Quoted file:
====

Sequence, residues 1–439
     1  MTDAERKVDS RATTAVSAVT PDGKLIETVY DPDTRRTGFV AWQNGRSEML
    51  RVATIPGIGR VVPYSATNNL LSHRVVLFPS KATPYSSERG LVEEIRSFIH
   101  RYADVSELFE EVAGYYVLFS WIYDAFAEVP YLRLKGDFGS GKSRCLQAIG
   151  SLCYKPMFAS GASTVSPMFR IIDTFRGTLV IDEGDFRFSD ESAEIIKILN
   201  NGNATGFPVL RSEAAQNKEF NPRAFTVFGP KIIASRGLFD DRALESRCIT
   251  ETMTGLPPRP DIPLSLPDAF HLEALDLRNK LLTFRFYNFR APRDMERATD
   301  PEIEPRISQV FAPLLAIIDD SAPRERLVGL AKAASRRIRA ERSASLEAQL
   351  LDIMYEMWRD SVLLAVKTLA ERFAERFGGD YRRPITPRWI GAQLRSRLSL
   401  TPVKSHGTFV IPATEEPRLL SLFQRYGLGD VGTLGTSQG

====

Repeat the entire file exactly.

Sequence, residues 1–439
     1  MTDAERKVDS RATTAVSAVT PDGKLIETVY DPDTRRTGFV AWQNGRSEML
    51  RVATIPGIGR VVPYSATNNL LSHRVVLFPS KATPYSSERG LVEEIRSFIH
   101  RYADVSELFE EVAGYYVLFS WIYDAFAEVP YLRLKGDFGS GKSRCLQAIG
   151  SLCYKPMFAS GASTVSPMFR IIDTFRGTLV IDEGDFRFSD ESAEIIKILN
   201  NGNATGFPVL RSEAAQNKEF NPRAFTVFGP KIIASRGLFD DRALESRCIT
   251  ETMTGLPPRP DIPLSLPDAF HLEALDLRNK LLTFRFYNFR APRDMERATD
   301  PEIEPRISQV FAPLLAIIDD SAPRERLVGL AKAASRRIRA ERSASLEAQL
   351  LDIMYEMWRD SVLLAVKTLA ERFAERFGGD YRRPITPRWI GAQLRSRLSL
   401  TPVKSHGTFV IPATEEPRLL SLFQRYGLGD VGTLGTSQG